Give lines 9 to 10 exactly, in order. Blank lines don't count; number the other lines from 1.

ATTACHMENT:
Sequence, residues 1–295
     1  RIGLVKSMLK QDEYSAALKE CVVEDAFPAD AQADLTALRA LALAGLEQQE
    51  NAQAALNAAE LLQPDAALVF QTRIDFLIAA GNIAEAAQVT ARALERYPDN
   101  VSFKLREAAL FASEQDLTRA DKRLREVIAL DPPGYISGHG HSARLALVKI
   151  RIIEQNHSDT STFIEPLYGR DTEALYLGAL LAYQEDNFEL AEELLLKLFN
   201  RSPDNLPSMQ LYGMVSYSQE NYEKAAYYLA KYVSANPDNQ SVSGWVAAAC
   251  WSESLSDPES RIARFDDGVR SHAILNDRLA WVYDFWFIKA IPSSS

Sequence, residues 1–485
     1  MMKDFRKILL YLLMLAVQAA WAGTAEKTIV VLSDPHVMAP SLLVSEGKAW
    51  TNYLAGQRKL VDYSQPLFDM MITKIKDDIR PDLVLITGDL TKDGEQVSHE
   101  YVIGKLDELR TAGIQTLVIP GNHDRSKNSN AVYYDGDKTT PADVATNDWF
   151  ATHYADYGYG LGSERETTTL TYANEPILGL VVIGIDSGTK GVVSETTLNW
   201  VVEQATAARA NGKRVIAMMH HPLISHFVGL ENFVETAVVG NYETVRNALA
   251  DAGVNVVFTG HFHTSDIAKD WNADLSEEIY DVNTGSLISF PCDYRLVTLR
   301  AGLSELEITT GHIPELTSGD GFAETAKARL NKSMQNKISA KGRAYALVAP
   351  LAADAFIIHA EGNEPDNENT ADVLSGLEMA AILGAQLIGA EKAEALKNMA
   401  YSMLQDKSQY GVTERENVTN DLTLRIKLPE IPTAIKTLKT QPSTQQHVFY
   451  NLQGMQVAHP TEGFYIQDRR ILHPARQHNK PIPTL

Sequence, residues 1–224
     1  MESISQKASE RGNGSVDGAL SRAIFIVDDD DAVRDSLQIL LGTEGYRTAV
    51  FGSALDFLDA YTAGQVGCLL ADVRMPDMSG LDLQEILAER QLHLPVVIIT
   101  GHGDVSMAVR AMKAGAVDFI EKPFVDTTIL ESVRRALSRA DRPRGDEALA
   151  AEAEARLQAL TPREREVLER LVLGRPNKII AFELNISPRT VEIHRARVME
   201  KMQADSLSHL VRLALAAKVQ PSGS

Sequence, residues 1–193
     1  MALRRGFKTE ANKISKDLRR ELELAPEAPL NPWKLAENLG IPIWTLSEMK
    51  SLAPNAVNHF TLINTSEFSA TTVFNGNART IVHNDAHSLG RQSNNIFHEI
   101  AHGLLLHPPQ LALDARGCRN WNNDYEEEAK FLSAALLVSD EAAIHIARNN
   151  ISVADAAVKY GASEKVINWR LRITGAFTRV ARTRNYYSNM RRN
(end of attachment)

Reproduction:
     1  MMKDFRKILL YLLMLAVQAA WAGTAEKTIV VLSDPHVMAP SLLVSEGKAW
    51  TNYLAGQRKL VDYSQPLFDM MITKIKDDIR PDLVLITGDL TKDGEQVSHE